By Mucai Kunyiha
It is said that an efficient transport system is the lifeline of any economy. I believe this to be an apt analogy because a well-coordinated transport and logistics infrastructure feeds productivity into all other sectors, boosting effective delivery of products and services, and ultimately increasing the overall national output.
More so, a good transport system is a crucial ingredient for a thriving manufacturing sector owing to its function in the supply chain that impacts on quality and cost of production. It catalyzes export business by ensuring timely and quality delivery to the global market, thereby generating Foreign Direct Investments and additional sources of revenue for the country.
Kenya has, in the recent past, seen several infrastructure projects initiated especially in the transport sub-sectors including road, rail, maritime and non-motorized transport, all intended to improve logistics and supply chain efficiency. Notable infrastructure developments include completion and operationalization of phase one of the Second Container Terminal at Mombasa Port and the completion of the expansion of the Inland Container Depot Nairobi (ICDN). Additionally, we had the construction of the first three berths of the Lamu Port, expansion of gates and yard capacity, installation of the Integrated Port Security System and the successful completion of the first Phase of the Standard Gauge Railway (SGR).
Though well intended, these new developments have had teething problems in their implementation that have inevitably doubled, and in some cases, tripled the cost of logistics and transportation. Such implementation challenges are not unusual in large projects and their occurrence should not overshadow the bigger picture. However, these challenges must be acknowledged for solutions and short-term impactful measures to be created in collaboration with stakeholders, so as to get back on track towards making Kenya a competitive environment with world-class infrastructure.
The development and operationalization of SGR Phase one was expected to among other things, reduce freight transport tariff charges from US$0.20 per tonne-kilometre on average to US$0.083 per tonne-kilometre, and reduce transit time of freight trains from 30 hours on the average to less than 8 hours in the Mombasa–Nairobi section. Due to the logistical, storage and planning challenges around the port, these gains are yet to be realized.
There are a few suggestions on how to move forward from the current predicament.
First, to curb the soaring demurrage and storage costs, we need to review the period given to importers during which they can clear their cargo free of charge. This needs to be aligned with Cargo clearing agencies service charters which provide for more than 4-days for clearing of goods.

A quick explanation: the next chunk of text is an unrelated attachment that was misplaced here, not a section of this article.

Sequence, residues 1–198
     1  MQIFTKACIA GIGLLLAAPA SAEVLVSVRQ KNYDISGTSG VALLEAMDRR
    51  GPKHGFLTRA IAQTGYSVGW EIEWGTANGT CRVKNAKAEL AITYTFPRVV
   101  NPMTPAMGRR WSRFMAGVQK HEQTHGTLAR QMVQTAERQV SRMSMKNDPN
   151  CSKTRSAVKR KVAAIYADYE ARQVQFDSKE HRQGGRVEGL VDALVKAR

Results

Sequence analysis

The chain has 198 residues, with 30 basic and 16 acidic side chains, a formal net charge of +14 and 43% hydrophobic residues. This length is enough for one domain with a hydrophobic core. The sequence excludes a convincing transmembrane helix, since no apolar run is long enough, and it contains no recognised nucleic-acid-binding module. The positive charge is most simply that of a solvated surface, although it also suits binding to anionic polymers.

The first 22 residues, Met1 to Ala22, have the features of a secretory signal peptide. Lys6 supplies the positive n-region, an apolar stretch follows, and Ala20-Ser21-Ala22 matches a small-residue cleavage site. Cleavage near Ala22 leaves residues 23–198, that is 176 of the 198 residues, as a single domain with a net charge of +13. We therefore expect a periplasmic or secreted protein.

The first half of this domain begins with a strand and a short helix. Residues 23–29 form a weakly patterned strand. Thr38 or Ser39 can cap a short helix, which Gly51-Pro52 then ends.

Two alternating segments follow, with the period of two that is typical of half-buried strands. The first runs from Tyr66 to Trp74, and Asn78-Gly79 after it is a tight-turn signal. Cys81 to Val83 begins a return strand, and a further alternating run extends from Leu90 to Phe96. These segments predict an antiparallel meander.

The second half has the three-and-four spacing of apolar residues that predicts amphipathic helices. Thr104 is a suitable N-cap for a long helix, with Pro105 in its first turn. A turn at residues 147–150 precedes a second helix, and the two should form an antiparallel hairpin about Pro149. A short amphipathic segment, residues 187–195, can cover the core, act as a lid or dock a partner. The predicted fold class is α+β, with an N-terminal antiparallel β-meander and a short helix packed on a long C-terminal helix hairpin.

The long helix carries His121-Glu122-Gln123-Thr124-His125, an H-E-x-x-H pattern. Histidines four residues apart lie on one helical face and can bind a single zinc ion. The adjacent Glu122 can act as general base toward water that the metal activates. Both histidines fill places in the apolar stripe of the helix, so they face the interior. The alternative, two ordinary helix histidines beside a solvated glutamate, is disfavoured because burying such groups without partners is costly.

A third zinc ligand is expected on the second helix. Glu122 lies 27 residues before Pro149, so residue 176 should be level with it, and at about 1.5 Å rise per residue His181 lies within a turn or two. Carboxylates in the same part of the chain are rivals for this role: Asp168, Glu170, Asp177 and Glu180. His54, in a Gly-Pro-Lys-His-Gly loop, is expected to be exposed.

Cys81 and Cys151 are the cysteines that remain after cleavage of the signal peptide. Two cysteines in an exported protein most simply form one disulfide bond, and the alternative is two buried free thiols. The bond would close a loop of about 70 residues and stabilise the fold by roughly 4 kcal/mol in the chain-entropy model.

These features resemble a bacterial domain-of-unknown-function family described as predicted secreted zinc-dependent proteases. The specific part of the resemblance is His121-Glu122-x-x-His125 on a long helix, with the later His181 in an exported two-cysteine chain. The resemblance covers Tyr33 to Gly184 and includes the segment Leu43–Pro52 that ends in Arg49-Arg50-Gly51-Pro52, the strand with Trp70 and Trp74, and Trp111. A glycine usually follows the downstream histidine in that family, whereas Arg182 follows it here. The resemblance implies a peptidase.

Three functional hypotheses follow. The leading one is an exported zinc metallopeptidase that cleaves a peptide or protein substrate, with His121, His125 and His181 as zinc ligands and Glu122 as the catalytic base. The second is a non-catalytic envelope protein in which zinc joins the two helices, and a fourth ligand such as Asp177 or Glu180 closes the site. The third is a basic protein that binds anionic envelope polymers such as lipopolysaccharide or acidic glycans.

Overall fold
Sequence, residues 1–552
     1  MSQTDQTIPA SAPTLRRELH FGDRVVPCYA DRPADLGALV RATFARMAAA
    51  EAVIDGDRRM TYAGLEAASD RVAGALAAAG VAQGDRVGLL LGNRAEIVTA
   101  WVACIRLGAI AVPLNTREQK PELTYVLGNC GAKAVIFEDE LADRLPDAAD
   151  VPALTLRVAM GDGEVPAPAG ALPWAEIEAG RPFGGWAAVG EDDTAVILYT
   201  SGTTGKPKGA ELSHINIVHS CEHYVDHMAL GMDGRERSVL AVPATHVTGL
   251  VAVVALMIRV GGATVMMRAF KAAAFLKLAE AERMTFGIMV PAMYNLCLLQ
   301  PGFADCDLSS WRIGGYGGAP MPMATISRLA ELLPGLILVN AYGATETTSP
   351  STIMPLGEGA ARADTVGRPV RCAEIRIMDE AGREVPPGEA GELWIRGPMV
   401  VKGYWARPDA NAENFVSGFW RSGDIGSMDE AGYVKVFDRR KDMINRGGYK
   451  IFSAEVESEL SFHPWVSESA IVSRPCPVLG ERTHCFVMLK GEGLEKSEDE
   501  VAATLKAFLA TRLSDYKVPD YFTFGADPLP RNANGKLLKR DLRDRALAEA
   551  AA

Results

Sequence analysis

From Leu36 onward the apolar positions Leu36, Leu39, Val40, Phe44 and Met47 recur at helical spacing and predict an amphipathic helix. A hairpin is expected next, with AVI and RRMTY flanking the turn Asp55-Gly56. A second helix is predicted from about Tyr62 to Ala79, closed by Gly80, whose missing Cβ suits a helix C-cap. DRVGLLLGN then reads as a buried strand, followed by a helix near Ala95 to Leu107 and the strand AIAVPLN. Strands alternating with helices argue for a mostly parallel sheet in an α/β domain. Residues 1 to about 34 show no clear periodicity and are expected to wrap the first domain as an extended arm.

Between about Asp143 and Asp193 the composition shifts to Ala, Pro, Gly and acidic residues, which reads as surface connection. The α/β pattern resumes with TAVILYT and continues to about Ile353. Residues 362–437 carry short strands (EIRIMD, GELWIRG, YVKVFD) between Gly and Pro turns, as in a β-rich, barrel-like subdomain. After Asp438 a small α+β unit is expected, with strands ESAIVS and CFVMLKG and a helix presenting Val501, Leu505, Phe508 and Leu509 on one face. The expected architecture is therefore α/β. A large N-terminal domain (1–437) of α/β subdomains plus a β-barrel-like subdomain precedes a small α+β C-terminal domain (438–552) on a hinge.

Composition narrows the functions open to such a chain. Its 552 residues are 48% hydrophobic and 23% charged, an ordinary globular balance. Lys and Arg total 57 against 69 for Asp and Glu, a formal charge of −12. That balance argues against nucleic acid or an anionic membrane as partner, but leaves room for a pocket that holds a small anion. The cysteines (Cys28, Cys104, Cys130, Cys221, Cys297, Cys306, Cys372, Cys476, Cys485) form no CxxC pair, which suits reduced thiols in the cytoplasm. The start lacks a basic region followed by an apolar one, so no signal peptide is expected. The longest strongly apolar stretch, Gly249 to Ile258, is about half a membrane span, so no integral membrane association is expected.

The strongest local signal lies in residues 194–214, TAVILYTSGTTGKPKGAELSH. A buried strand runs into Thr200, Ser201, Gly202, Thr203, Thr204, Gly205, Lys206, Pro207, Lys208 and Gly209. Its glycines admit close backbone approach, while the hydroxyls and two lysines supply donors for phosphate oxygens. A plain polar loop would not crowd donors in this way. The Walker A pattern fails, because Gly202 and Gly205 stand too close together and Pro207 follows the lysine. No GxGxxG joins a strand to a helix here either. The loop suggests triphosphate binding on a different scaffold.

Secondly, the SGR operator ought to provide a ‘door-to-door’ service on the delivery of goods by rail. Currently the co-ordination between the rail operator, clearing agents and transporters is below optimal, creating log-jams both in and outside ICD Nairobi as well as the Port. This increased waiting time increases costs and reduces efficiency. If there was one single operator, co-ordination would improve and with costs reducing in tandem.
Thirdly, as a country, we need to first track the development of harmonized verification standards that will be used by the Kenya Bureau of Standards, the Multi-Agency Team and any other body charged with the point of departure quality checks. This is one area that is causing huge delays on clearance of goods that have arrived in the country. Once these standards are harmonized, it will be easier for all involved to adhere to requirements and move their cargo faster.
Fourth, the recurrent issue of system downtime is also one that compounds the challenges faced with logistics and movement of cargo. An upgraded system will resolve problems of recording and archiving, delayed clearance processes, as well as, enhance communication to coordinate the logistics around the Port and Inland Container Depots. This kind of system also ensures that there is ample tracking of containers to avoid losses, or reversed transportation back to the Port, which have huge cost implications on importers. Subsequently, to increase productivity and improve paperless operations at the Inland Container Depot, there is need to install drive-through scanners that reduce the need for 100 per cent verification, hence lessening the present blockage.
Lastly, Private Sector, County Governments and Kenya Ports Authority can collaborate to acquire land to support customs warehousing and long-stay containers, thereby reducing the amount of cargo kept at the terminal. This will also discourage any importers from leaving their cargo at the terminal too long. This same space can be used as a truck-handling area to reduce the clogging at port entrance and exit.
These are only a few but very impactful solutions if they can be hastily implemented. The World Bank report on Logistic Performance index ranked Kenya’s logistical attractiveness at position 63 in 2018, down from 42 in 2016. We only need to fix these identified issues swiftly to get back to and surpass our previous performance, whilst at the same time increasing local businesses’ productivity.
The Writer is the Vice Chairman of Kenya Association of Manufacturers and can be reached on email@example.com.